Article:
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In Brief: Oprah planning Sidney Poitier project; ‘Drive My Car’ revs up Society of Film Critics Awards, and more

Following Sidney Poitier‘s death on Friday at the age of 94, Deadline reports that Apple is in the middle of filming a documentary on the Oscar-winning actor with Oprah Winfrey executive-producing and House Party helmer Reginald Hudlin directing. The project, which has been in production for more than a year, is an in-depth examination of Poitier’s life that includes the participation of his family. The doc will be an Apple Original Films release. Poitier became the first Black man to win an Academy Award for best actor in 1964 for his role in Lilies of the Field. His other credits include 1967’s groundbreaking film Guess Who’s Coming to Dinner and In the Heat of the Night…

Drive My Car was the big winner at Saturday’s National Society of Film Critics ceremony. Along with best picture, Ryusuke Hamaguchi’s sweeping drama also won for director, screenplay and best actor, for Hidetoshi Nishijima. Other winners included Penélope Cruz, who copped Best Actress honors for Parallel Mothers. The Best Supporting Actress trophy went to Ruth Negga for Passing, and Anders Danielsen Lie walked off with the Best Supporting Actor award for The Worst Person in the World. Drive My Car also won top honors from the Los Angeles Film Critics Association and New York Film Critics Circle. The complete winners list can be found on the National Society of Film Critics website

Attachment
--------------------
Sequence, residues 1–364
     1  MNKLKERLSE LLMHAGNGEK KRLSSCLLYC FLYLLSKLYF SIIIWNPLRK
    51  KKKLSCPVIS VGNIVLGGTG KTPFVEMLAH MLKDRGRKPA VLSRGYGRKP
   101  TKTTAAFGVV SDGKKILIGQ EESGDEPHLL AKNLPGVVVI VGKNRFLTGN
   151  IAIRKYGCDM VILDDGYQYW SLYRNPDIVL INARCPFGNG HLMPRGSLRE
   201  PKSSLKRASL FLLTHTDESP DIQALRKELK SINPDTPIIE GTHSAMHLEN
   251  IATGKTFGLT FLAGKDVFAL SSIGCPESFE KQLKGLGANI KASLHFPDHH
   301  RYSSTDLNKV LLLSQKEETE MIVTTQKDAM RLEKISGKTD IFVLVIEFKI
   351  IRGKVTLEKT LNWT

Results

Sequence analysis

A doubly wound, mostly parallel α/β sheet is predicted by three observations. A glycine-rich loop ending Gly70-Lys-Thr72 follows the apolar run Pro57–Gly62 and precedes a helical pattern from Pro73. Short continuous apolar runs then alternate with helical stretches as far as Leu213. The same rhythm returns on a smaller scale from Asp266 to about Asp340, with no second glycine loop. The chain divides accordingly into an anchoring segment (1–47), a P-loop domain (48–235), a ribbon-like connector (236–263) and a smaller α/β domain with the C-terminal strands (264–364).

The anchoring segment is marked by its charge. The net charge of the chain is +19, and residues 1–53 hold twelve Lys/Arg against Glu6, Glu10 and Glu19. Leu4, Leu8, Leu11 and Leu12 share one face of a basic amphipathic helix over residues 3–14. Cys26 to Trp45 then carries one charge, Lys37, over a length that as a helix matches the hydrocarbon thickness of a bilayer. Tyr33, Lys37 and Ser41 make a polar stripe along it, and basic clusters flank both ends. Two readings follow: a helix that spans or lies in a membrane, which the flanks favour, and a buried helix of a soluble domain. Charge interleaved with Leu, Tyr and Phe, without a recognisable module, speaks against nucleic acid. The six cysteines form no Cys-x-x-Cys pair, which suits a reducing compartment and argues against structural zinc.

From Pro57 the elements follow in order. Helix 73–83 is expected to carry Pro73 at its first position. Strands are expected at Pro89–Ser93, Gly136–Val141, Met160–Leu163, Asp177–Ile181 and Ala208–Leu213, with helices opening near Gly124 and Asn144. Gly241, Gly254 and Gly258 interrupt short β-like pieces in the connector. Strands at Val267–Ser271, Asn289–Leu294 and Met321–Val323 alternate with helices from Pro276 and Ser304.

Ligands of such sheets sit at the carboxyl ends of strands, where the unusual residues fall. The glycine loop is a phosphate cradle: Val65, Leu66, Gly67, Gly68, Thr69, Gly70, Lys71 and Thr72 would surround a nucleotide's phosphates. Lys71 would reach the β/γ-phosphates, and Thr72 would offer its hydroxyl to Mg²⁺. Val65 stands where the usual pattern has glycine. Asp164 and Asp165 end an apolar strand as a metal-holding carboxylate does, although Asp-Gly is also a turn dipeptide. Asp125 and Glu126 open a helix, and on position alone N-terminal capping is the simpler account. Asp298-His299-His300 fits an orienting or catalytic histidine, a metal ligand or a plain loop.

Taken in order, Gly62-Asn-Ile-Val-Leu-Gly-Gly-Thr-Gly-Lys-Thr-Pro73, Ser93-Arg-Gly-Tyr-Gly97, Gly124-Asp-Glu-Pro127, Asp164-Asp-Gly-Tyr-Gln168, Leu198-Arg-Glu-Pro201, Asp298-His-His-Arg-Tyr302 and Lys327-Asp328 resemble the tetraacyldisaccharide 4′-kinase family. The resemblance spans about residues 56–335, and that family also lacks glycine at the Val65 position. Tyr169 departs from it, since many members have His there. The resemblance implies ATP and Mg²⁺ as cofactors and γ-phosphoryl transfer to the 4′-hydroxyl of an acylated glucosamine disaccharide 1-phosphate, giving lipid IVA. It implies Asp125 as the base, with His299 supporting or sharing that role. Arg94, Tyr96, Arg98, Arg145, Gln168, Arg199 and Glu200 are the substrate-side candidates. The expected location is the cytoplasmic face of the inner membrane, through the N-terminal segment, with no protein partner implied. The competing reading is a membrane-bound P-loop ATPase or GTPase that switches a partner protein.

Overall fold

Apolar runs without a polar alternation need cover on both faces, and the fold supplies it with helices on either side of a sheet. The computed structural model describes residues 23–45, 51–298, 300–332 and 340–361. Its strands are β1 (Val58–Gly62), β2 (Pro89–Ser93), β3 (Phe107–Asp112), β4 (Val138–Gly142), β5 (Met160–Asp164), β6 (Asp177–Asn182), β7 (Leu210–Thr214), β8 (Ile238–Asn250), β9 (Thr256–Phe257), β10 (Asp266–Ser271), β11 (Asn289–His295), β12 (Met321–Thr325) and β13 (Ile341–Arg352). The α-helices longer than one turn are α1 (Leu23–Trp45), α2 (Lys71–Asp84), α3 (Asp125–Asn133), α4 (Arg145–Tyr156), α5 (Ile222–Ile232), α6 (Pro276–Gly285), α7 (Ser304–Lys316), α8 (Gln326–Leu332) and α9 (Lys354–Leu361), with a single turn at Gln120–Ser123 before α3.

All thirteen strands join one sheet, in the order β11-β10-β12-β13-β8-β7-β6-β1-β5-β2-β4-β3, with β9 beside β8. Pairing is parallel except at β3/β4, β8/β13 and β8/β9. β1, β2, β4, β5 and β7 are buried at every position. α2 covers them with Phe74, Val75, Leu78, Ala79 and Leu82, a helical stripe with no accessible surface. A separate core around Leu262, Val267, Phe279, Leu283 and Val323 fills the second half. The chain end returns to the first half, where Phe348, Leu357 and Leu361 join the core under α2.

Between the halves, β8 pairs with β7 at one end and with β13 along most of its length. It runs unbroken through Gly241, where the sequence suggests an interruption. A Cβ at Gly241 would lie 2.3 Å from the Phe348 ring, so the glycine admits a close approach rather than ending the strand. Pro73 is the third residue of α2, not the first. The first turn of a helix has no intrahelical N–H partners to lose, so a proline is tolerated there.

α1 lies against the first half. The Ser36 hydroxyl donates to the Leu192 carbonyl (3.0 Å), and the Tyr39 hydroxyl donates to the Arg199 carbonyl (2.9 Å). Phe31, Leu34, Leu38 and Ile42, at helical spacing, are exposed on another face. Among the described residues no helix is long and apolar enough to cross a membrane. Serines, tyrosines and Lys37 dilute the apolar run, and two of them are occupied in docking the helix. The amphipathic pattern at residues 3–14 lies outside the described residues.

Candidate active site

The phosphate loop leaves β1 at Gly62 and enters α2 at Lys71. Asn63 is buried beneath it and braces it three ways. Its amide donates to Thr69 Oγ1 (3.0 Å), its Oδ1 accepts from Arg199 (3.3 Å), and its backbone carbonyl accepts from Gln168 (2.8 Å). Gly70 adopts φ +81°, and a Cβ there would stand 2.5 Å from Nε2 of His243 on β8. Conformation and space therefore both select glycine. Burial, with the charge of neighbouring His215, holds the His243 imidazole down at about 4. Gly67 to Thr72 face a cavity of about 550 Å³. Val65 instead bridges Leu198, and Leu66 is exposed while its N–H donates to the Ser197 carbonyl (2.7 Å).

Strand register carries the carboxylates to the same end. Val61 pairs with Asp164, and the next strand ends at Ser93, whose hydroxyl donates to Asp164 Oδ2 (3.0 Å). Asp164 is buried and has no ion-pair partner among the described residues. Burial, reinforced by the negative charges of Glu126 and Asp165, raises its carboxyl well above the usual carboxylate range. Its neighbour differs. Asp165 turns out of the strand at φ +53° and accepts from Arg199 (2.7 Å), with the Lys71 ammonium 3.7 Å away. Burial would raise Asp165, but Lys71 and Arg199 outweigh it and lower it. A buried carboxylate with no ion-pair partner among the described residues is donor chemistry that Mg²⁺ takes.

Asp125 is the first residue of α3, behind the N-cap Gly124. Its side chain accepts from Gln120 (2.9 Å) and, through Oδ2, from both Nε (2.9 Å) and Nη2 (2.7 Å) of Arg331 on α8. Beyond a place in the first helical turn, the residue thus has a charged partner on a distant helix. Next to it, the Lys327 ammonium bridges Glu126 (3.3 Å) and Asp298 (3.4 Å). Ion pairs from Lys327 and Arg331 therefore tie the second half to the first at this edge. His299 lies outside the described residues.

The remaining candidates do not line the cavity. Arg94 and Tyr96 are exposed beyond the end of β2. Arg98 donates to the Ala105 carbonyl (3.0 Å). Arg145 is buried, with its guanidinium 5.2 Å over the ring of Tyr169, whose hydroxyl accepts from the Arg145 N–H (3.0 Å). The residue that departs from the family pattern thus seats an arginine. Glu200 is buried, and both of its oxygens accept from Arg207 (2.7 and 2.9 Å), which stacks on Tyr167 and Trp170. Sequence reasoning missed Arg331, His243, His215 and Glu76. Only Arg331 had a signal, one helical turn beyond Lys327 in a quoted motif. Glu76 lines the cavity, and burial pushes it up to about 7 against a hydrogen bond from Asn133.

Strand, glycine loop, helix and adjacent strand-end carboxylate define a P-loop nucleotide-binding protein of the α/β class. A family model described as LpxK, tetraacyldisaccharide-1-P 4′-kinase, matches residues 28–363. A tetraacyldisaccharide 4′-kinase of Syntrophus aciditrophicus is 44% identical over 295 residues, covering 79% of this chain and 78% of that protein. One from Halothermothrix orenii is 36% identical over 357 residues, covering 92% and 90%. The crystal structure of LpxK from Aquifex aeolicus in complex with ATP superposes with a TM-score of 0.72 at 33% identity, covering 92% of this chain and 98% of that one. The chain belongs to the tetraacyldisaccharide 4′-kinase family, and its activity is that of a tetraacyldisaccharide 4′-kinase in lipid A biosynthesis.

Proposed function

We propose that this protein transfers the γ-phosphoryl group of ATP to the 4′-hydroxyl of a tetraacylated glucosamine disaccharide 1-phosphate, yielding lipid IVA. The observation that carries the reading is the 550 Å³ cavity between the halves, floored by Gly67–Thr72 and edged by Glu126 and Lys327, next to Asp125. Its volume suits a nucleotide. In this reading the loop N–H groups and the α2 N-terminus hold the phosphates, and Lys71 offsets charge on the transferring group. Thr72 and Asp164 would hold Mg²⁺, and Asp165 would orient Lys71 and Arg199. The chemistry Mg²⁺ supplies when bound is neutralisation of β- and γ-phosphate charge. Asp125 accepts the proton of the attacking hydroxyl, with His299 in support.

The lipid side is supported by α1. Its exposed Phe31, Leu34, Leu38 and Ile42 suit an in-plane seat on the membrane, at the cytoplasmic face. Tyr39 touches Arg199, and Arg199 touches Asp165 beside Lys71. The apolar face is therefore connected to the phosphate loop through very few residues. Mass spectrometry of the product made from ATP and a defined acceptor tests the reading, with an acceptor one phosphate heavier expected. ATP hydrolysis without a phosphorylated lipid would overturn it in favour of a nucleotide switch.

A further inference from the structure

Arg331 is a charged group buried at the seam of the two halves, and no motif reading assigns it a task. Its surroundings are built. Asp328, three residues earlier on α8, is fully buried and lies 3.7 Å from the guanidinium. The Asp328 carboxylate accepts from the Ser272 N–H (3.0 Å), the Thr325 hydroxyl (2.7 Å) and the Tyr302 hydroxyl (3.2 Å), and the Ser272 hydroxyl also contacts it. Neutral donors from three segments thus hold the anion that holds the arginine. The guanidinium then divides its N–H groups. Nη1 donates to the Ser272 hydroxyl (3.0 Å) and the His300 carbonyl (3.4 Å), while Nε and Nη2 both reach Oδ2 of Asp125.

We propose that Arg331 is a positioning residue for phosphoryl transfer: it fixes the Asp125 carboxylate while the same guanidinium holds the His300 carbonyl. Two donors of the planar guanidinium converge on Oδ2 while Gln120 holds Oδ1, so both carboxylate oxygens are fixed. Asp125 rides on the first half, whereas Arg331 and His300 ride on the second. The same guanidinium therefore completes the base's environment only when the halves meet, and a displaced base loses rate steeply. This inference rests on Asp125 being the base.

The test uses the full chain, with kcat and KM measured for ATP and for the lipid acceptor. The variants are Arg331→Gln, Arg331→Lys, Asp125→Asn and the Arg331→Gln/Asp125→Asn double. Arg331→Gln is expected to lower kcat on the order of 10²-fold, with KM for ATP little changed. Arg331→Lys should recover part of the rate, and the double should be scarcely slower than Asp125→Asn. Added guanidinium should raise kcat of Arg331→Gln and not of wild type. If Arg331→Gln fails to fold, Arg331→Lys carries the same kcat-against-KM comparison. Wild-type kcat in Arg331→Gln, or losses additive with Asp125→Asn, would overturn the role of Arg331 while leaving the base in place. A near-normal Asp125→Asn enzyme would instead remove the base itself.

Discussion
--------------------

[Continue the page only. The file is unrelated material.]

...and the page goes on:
Dwayne Hickman, best known for playing the titular character in the 1950-60s sitcom The Many Loves of Dobie Gillis, died of complications related to Parkinson’s disease on Sunday, his public relations head Harlan Boll tells Variety. He was 87 years old. The first major television series to feature teenagers as its primary characters, Dobie Gillis established Hickman a cultural icon for ’50s and 60s Baby Boomers. Prior to that, Hickman appeared in 1940’s The Grapes of Wrath, and TV’s The Bob Cummings Show. During the 70s, he became a network executive at CBS and directed various episodes of different half-hour comedies. Hickman produced and starred in a 1988 reunion of his classic sitcom titled, Bring Me the Head of Dobie Gillis, and also had co-starring roles in A Night at the Roxbury, Saving Gilligan’s Island, and a recurring role in UPN’s Clueless…

Lyricist Marilyn Bergman, who along with her husband, Alan Bergman, became one-half of one of Hollywood’s most celebrated songwriting duos, died peacefully early Saturday morning in her Los Angeles home, family rep Ken Sunshine tells The Hollywood Reporter. She was 93. Bergman’s work includes the Oscar-wining songs “The Windmills of Your Mind,” “Nice ’n’ Easy” and “The Way We Were, as well as “You Don’t Bring Me Flowers.” Legendary crooner Tony Bennett remembered the duo’s work and Marilyn on Saturday, tweeting, “Marilyn and Alan Bergman with Michele Legrand wrote my favorite song, ‘How Do You Keep the Music Playing?’ We lost Marilyn today, but her music keeps playing”…

 

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